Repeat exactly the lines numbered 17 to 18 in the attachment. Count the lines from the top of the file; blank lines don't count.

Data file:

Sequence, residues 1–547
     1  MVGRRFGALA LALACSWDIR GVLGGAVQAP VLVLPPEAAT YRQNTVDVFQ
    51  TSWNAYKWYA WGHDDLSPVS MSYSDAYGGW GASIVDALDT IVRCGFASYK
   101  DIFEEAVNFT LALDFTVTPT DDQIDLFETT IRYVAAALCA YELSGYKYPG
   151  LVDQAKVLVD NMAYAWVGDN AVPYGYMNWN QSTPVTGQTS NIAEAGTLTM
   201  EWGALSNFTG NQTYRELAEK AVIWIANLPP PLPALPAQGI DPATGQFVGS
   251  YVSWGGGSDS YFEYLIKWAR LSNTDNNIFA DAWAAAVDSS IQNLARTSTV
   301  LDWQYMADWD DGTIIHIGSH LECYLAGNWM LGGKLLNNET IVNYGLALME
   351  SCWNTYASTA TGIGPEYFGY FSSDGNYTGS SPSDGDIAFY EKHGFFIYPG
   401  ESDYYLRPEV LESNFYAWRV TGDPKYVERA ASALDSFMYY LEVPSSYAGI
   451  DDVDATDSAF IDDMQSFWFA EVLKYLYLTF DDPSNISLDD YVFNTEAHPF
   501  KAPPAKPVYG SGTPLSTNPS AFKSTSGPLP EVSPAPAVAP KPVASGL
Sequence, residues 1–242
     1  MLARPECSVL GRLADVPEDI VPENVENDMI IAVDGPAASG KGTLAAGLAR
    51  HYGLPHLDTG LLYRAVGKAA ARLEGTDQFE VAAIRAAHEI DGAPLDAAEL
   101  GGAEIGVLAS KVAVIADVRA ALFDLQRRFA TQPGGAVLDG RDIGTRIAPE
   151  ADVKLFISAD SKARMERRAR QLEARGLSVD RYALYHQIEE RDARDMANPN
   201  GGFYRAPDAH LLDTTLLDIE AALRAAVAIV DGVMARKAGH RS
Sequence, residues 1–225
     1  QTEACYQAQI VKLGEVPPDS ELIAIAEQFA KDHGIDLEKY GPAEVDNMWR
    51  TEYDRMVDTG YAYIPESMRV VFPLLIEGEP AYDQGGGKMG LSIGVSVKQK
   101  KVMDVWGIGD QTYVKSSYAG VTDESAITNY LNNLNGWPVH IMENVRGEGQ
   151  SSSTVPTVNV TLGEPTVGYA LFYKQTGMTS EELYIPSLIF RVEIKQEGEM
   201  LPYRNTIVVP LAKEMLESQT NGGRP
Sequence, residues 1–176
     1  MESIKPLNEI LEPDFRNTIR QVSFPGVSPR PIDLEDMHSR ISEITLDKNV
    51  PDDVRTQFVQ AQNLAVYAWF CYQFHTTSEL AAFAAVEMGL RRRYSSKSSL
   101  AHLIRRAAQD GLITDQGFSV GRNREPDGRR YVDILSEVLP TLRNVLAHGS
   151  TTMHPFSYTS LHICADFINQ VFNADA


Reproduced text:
   151  ADVKLFISAD SKARMERRAR QLEARGLSVD RYALYHQIEE RDARDMANPN
   201  GGFYRAPDAH LLDTTLLDIE AALRAAVAIV DGVMARKAGH RS